Battery Retention Strap missing: Might just not be needed, so they never put it in if it was lost.V-Twins vibrate a lot so even though it's not possible for the battery to jump out with the seat on, it could get knocked around alot. That's kind of hard on the battery and could lead to early failure.
License plate light is inoperative.Probably illegal to run around that way
 

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Discussion Starter #5
There's a clicking sound that sounds like a switch being pressed by the front brake, but no light.

Charging system was, with a voltimeter across terminals, under 12 volts at 3,000 or 3500.

I only give it gas after its started to crank when warm, and with the choke off. Usually, I'll try a second or two of it just cranking. Might look into the coil thing.

Dang, that good you found it before it caused any scrathing.

I'll have them add a new battery retention strap. I'm going to probably be buying a sealed battery soon anyway.

Thank you for your reply. Do you think that most of the problems would not be uncommon for a bike of this age, or do you think that the owner found a lot of problems and decided to sell before he had to sink a lot of money into it?
 

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There's a clicking sound that sounds like a switch being pressed by the front brake, but no light.
Try spraying the barke lever with some contact cleaner, If the brake light comes on when you press the brake pedal but not with the lever then the lever contacts are crudded up. This happened to me on my way out to NBorth carolina one time.

Charging system was, with a voltimeter across terminals, under 12 volts at 3,000 or 3500.
NOT good.. You do have a charging system problem. Could be weak battery with a burned out cell or.. a bad ground or.. stator. Have the battery checked first.. Since it has been bouncing around could be a weak cell or bad ground
If those check then the stator is next
Easy enough to check with a meter. I reccommend doing this after a run to give you the "hot engine" reads.
You can determine if your stator is bad without too much trouble, it should take about 5 minutes max.

Unplug and test the three yellow stator wires;
they should be .34 to .52 ohms between any
combination of the yellow wires, with no shorts to
ground.



Thank you for your reply. Do you think that most of the problems would not be uncommon for a bike of this age, or do you think that the owner found a lot of problems and decided to sell before he had to sink a lot of money into it?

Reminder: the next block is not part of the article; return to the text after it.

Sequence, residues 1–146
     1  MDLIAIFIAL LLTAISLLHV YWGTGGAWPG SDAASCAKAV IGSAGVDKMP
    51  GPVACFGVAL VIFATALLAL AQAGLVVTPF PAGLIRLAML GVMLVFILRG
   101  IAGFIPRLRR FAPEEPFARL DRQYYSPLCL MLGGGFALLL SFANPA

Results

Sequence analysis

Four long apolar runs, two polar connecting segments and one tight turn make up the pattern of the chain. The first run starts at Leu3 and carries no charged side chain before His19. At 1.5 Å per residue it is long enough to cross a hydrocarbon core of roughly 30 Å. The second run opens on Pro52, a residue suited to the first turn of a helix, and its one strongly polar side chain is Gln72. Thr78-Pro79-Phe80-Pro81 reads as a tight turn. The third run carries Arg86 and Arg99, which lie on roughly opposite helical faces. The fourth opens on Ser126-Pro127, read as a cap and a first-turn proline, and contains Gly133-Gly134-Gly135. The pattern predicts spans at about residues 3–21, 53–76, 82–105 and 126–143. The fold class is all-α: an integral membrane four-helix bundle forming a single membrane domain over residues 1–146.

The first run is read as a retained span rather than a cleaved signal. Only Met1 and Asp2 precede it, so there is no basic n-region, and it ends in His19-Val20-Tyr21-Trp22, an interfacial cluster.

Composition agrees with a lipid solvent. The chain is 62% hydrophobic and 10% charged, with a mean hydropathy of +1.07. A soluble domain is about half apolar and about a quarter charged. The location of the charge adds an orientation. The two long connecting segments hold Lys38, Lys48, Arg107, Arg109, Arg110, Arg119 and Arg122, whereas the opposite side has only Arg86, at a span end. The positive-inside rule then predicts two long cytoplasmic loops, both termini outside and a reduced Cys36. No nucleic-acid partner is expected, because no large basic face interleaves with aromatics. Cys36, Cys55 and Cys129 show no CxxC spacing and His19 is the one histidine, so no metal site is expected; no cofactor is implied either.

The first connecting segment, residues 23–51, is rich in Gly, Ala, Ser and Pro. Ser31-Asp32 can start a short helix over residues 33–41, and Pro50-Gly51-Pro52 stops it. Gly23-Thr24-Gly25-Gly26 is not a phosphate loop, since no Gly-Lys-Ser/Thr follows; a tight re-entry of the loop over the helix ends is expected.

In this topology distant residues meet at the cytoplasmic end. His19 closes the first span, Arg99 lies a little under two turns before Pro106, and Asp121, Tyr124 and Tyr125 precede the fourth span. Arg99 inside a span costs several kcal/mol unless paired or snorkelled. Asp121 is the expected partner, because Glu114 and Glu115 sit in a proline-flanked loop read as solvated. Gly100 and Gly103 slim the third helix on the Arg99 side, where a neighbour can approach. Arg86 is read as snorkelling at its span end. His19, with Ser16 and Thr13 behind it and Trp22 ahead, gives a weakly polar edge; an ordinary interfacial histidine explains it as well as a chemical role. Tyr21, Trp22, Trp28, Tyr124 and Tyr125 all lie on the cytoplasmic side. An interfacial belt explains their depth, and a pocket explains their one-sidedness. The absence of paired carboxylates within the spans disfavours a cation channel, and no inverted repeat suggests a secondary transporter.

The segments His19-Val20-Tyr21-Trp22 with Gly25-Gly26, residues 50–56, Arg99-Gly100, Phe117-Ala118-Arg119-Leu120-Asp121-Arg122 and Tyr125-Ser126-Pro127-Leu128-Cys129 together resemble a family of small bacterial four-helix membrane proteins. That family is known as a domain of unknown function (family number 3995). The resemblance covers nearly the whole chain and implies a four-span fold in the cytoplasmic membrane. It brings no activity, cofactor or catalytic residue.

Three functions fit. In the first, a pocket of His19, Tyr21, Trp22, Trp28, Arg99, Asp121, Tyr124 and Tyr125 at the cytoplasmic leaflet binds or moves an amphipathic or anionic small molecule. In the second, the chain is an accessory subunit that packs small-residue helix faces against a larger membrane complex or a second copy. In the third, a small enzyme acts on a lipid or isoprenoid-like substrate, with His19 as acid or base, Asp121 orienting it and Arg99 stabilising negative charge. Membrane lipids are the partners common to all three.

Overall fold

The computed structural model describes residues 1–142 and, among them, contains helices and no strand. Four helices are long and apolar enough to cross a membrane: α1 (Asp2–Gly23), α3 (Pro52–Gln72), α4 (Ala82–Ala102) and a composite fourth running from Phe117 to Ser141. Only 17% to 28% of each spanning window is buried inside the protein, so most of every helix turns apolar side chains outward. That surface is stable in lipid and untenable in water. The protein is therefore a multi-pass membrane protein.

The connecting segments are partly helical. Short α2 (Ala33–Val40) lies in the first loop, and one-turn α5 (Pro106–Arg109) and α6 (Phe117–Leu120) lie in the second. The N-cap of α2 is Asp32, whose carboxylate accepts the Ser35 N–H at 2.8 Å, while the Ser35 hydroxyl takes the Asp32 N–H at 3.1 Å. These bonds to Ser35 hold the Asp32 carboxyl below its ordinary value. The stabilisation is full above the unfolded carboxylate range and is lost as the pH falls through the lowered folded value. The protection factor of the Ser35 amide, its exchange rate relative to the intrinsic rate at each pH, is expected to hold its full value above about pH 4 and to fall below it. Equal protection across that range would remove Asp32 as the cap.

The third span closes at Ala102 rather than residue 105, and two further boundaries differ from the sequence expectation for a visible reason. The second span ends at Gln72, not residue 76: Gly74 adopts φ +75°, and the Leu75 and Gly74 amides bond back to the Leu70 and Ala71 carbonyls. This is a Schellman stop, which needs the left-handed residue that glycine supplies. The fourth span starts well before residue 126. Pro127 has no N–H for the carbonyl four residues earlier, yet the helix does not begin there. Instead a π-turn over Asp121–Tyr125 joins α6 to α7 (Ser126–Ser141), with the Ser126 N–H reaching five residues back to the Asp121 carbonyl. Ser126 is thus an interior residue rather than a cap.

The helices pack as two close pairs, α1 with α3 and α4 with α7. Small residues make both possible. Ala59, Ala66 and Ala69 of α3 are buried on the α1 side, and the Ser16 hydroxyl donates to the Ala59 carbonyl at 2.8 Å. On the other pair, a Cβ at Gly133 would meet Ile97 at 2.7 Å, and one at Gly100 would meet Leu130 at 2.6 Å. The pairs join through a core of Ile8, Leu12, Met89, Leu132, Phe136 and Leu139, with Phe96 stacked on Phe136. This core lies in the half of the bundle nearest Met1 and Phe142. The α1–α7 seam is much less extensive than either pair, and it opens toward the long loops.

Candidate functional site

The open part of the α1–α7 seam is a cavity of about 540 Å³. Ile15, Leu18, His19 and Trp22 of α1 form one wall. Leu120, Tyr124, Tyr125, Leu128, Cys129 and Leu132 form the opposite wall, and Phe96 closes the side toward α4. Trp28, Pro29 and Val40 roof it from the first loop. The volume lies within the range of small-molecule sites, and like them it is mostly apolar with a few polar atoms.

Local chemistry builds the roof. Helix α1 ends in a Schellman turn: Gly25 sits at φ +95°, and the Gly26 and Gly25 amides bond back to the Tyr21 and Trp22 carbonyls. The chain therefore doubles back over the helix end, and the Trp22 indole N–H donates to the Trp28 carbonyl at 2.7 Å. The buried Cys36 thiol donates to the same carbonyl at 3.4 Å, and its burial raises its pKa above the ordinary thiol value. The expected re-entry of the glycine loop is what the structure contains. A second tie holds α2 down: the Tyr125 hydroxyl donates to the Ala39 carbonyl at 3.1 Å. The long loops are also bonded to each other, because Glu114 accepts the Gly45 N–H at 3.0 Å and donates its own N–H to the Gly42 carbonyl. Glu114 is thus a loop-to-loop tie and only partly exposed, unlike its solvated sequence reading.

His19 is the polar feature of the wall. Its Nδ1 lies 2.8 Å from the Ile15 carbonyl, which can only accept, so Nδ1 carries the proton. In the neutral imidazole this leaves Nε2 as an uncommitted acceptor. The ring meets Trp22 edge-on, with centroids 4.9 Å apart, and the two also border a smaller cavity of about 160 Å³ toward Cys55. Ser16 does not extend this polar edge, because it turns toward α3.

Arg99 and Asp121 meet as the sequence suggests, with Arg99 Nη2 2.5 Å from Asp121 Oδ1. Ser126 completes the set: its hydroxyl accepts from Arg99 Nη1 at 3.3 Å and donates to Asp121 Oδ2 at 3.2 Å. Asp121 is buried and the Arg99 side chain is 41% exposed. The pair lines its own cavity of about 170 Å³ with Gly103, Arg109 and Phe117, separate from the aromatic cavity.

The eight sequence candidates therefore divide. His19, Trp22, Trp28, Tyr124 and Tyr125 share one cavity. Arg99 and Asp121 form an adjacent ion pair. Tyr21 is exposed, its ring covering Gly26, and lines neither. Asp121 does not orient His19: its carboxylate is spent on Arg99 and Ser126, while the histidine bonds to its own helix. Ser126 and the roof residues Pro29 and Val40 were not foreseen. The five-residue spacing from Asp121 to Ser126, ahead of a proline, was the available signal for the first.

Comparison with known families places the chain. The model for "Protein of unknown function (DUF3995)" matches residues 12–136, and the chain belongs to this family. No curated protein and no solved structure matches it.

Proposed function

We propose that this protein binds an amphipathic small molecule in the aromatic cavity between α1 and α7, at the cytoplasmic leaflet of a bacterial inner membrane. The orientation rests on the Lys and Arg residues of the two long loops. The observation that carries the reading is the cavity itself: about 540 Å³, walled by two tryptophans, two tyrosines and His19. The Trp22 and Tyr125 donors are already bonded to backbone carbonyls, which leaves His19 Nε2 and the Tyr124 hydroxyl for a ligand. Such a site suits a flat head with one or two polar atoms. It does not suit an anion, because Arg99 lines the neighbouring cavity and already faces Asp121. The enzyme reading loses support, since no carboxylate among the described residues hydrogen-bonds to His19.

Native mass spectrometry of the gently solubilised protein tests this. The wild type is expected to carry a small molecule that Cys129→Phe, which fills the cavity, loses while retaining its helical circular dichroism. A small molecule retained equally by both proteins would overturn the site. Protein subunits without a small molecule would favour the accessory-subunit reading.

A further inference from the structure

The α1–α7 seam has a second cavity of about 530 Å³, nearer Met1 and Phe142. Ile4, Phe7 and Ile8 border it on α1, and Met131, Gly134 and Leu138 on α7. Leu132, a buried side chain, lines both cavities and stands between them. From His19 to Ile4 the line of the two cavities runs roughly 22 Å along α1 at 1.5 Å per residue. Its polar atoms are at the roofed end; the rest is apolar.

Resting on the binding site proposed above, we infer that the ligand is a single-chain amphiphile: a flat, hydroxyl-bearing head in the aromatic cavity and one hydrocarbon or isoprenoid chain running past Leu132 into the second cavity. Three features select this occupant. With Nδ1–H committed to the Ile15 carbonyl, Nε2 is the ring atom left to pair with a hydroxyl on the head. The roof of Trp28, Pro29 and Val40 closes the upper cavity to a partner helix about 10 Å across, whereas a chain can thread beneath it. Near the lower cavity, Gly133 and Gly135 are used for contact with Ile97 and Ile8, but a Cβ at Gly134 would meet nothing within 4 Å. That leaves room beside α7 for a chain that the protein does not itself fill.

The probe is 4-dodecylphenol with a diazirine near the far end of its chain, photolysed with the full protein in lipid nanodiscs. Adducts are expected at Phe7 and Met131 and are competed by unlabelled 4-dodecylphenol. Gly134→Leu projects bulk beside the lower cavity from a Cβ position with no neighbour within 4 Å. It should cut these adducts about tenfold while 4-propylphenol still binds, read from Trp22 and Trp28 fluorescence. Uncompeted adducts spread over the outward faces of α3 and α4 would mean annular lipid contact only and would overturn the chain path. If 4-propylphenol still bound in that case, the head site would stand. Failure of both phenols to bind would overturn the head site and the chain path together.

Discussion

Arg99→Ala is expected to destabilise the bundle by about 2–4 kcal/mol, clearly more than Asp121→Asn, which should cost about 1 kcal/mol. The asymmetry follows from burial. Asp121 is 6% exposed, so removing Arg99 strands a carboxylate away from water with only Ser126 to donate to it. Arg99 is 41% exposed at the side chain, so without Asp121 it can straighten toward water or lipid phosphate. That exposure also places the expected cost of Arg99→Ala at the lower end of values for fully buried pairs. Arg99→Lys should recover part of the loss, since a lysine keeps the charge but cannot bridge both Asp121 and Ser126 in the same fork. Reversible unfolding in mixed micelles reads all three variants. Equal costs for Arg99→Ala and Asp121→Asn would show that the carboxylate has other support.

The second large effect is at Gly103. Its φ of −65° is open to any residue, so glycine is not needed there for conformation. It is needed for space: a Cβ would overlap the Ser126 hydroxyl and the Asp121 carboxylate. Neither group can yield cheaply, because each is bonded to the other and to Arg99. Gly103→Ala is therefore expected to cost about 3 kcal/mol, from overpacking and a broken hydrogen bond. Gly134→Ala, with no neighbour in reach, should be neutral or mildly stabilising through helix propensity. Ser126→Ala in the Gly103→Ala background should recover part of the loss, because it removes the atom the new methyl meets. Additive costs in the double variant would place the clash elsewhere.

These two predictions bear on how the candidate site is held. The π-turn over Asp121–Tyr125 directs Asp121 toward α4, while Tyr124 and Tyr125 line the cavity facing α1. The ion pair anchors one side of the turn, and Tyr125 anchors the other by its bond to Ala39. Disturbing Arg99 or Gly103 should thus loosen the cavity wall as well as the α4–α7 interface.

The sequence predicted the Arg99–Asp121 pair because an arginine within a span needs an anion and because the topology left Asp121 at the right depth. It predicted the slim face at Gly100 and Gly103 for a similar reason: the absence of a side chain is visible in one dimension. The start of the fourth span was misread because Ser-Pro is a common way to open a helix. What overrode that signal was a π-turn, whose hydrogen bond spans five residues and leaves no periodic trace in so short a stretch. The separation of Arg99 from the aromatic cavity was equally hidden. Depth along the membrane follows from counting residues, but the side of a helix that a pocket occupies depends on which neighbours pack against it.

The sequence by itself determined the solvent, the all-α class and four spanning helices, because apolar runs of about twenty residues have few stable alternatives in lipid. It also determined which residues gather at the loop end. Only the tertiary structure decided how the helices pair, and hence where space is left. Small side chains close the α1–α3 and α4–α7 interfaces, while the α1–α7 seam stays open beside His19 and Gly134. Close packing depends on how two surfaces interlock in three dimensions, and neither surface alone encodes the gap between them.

If it turns out there is a stator problem, could be why they sold.. dealer costs for stator replacements can be high, but it is possible to do it yourself over a weekend and save a bunch of money. Might find that oil leak in the process!
Good luck and keep us posted.
 

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Discussion Starter #7
Just one last thing. I'm not sure if this means anything or not. When I put the battery one a charger in my house, I took it off the charger when it read about 12.5. I let it sit and came back to it about 30 minutes later and it read about 12 volts. Is that normal?
 

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The battery shouldn't drop to 12 volts after just being charged. Take the battery to a battery shop and ask them to load test it. I wouldn't have my dealer check the battery. They told me the new maintance free battery I bought and installed was defective. It's been starting the bike for almost two years now. Pretty good for a "defective" battery. Checking the battery's ability to hold a charge while under a load is the best way to see if it's good or not. If it fails, get a new battery, fully charge it up and check the system voltage again while the bikes doing about 2500 rpm. If it's not 13.5 volts, the stator and the R/R need to be checked.
 

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Discussion Starter #11
Ok, I'll do that. I already plan on getting a sealed battery, but if the old battery is the cause of my problems, I'd sure be happier than needing to start replace expensive parts.

Thanks for all of your help.
 

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The HOT hard starting most likely is due to the battery low voltage. The VN750 likes a lot of juice at startup. If you have a bad charging system the battery will drain down while ridding. Better check charging sytem and battery as allready suggested.

bumpy
 

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Discussion Starter #13
Dealership claims the charging system is good. I'm getting a new battery anyway. One of those Wescoast batterys.

In other news, the dealer has to change the coolant and oil anyway for a repair, so thats two less fluids I'll change right now. :)
 

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Question for you:
How much did the dealer charge you to do the fluid change? (oil, coolant, and final drive)

I did all this myself this past fall w/o any issue (I found it pretty easy to do with a Clymers manual), but am curious what a dealer asks to perform these services.

Thx,
Dom
 

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Discussion Starter #15
They had to pull off the side cover. The manual states that you have to drain the coolant and oil to do this. Thus, I think that the oil and coolant should be good to go. However, I don't see an oil filter listed in the parts, so maybe its not really an oil change. But no, I definately will try to chainge my own oil and stuff, cuz I'm just not that nice a person to pay the dealers lots of money for stuff that I should be able to do. Easily. :)